The Feast of Tabernacles is an autumn holiday celebrated by Jews and some Christians on the fifteenth day of the Hebrew month of Tishrei. It's easy to include the whole family in a celebration of this joyful Biblical holiday, which celebrates the harvest and also calls to remembrance the tents or "tabernacles" in which the Hebrews lived in the wilderness after their flight from Egypt.
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The Story of Sukkot
The Feast of Tabernacles is also known as Sukkot after "sukkah," the Hebrew word for tabernacle. Older kids will appreciate hearing the words that first incorporated the feast. This account is found in the Bible in the book of Leviticus, chapter 23, verses 33 to 43. For younger ones, a simple narrative may be more suitable. "Night Lights: A Sukkot Story," by Barbara Diamond Goldin; "The Mysterious Guests: A Sukkot Story," by Eric A. Kimmel; and "The House on the Roof: A Sukkot Story," by David A. Adler are three attractively illustrated books that can provide a fun introduction to this holiday.
As your kids get in the spirit of celebration, a few simple art and craft projects may deepen their interest. Since this festival occurs in fall, you can easily adapt Thanksgiving-themed projects: tracing fall leaves, drawing a horn of plenty with various food crops or creating a fall-themed welcome sign. If you plan to build a sukkah, these illustrations can be used to decorate it. Make other decorations for the sukkah such as a reflective mobile constructed from old CDs; colorful chains of fuzzy pipe stems; paper lanterns; or flowers cut out of self-adhesive craft foam, ready to stick on the sukkah walls.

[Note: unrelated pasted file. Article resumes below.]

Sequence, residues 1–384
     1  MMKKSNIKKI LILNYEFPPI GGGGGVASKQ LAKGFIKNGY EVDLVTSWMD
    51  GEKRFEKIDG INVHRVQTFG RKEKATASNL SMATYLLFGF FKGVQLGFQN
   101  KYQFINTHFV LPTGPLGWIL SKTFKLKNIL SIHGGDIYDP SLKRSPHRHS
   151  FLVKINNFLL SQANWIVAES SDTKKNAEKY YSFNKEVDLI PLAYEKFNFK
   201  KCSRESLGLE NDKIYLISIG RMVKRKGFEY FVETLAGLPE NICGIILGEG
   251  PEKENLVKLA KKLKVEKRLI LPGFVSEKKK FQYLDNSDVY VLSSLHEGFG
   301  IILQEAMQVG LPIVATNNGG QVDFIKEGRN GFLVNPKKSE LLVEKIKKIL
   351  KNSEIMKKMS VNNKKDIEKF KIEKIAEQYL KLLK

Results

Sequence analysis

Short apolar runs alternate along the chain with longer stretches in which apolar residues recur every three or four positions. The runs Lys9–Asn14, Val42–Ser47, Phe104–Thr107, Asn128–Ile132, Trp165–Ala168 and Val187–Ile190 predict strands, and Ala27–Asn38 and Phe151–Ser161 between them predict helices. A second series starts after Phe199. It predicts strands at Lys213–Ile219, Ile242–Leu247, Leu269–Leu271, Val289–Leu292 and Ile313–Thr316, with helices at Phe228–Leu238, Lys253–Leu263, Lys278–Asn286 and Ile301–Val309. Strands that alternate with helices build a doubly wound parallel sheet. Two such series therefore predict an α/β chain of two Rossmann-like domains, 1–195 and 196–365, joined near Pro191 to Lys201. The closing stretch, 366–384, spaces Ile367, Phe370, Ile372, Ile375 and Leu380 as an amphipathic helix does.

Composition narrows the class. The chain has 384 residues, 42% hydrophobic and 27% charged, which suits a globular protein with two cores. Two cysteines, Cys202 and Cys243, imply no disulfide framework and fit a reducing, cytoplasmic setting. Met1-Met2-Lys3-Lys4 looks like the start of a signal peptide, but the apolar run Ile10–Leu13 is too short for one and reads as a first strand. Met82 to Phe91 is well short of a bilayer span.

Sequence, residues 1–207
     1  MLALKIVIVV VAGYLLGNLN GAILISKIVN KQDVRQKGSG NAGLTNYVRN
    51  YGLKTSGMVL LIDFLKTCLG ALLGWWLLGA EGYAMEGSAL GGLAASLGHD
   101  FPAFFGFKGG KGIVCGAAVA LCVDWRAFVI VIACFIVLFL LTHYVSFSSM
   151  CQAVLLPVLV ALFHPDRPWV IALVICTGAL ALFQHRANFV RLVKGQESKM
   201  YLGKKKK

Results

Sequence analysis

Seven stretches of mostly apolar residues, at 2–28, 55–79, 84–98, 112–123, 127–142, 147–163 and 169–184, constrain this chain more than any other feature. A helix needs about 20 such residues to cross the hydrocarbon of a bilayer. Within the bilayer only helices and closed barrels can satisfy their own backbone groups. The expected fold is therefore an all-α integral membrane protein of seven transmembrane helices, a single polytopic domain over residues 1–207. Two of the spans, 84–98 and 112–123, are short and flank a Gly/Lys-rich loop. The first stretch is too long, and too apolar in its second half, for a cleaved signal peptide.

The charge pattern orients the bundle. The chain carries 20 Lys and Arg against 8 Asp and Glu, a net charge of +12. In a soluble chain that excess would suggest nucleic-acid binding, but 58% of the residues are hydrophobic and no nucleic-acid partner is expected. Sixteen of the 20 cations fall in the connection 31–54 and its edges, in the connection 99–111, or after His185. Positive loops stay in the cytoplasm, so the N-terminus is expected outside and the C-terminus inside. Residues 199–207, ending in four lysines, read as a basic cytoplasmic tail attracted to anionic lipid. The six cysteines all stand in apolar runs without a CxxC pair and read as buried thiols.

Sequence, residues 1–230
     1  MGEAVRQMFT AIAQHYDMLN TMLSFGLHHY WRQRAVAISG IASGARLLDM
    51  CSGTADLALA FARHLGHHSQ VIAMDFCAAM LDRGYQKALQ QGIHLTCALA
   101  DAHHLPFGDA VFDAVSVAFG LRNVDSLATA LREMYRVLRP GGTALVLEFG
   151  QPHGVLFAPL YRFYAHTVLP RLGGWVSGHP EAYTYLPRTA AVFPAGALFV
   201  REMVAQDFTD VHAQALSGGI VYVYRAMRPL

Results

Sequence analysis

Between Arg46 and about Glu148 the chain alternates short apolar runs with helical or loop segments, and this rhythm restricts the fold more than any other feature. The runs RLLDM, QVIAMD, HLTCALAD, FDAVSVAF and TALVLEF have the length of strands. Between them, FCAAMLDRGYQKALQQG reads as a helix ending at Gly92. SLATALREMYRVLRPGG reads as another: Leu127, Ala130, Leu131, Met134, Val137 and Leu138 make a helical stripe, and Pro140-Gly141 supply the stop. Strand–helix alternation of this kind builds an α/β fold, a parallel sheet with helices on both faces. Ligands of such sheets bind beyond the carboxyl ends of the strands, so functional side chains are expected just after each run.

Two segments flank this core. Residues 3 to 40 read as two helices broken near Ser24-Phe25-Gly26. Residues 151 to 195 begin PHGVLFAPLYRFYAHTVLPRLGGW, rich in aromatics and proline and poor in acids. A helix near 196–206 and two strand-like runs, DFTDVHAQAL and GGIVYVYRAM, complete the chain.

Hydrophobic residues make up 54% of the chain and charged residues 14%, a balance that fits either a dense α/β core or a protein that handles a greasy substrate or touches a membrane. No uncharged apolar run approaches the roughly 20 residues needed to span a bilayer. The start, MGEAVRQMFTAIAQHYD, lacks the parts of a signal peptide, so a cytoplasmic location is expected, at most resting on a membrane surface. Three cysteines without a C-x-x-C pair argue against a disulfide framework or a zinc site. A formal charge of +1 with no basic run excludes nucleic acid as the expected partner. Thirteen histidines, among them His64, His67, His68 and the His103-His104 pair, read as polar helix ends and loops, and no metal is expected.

Constructing a Sukkah
A big part of the fun of Sukkot is that it is celebrated outdoors. Traditionally, those celebrating the festival actually live in the sukkah for a week. Even if you're not planning to spend your nights outside, building a sukkah in the backyard and eating meals in it will appeal to kids of all ages. The sukkah walls can be made of any material, but tradition dictates that the roof be made of unfinished plant material: tree branches, reeds, corn stalks, bamboo or unfinished planks. Inventive young minds will find infinite variations for building a temporary structure within these guidelines. Once it is built, you can use the crafts projects mentioned above to make your sukkah beautiful inside and out.
Sharing Meals in the Sukkah
In traditional Jewish circles, all meals are eaten in the sukkah during the festival. Whether you sit down in the sukkah for all meals or just plan one dinner outside, kids will be thrilled at the prospect of helping prepare the picnic feast. Keeping in mind the harvest celebration aspect of Sukkot, kids may enjoy preparing locally grown and harvested vegetables and fruits. Regular autumn favorites like fresh applesauce, apple pie, pumpkin muffins, tomato soup, zucchini casserole and even baked potatoes will taste better in the fresh air of the sukkah, while reminding kids and adults of the joyful season of plenty they are celebrating.